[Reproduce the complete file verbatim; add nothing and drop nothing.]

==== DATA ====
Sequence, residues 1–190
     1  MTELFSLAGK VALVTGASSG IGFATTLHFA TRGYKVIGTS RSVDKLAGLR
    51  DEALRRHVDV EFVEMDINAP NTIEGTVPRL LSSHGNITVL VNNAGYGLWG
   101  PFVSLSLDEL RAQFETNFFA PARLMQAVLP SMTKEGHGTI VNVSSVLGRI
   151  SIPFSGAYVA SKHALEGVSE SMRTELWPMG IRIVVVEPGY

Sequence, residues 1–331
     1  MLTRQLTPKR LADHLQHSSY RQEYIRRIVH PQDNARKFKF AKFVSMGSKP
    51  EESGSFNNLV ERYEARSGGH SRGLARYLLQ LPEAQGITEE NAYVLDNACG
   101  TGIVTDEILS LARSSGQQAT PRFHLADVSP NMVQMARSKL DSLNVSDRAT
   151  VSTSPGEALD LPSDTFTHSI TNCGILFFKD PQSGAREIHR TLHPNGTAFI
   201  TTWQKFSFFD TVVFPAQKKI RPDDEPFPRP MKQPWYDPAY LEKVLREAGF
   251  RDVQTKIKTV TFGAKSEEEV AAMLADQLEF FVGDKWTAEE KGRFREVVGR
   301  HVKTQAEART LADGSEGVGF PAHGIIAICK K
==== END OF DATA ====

Sequence, residues 1–190
     1  MTELFSLAGK VALVTGASSG IGFATTLHFA TRGYKVIGTS RSVDKLAGLR
    51  DEALRRHVDV EFVEMDINAP NTIEGTVPRL LSSHGNITVL VNNAGYGLWG
   101  PFVSLSLDEL RAQFETNFFA PARLMQAVLP SMTKEGHGTI VNVSSVLGRI
   151  SIPFSGAYVA SKHALEGVSE SMRTELWPMG IRIVVVEPGY

Sequence, residues 1–331
     1  MLTRQLTPKR LADHLQHSSY RQEYIRRIVH PQDNARKFKF AKFVSMGSKP
    51  EESGSFNNLV ERYEARSGGH SRGLARYLLQ LPEAQGITEE NAYVLDNACG
   101  TGIVTDEILS LARSSGQQAT PRFHLADVSP NMVQMARSKL DSLNVSDRAT
   151  VSTSPGEALD LPSDTFTHSI TNCGILFFKD PQSGAREIHR TLHPNGTAFI
   201  TTWQKFSFFD TVVFPAQKKI RPDDEPFPRP MKQPWYDPAY LEKVLREAGF
   251  RDVQTKIKTV TFGAKSEEEV AAMLADQLEF FVGDKWTAEE KGRFREVVGR
   301  HVKTQAEART LADGSEGVGF PAHGIIAICK K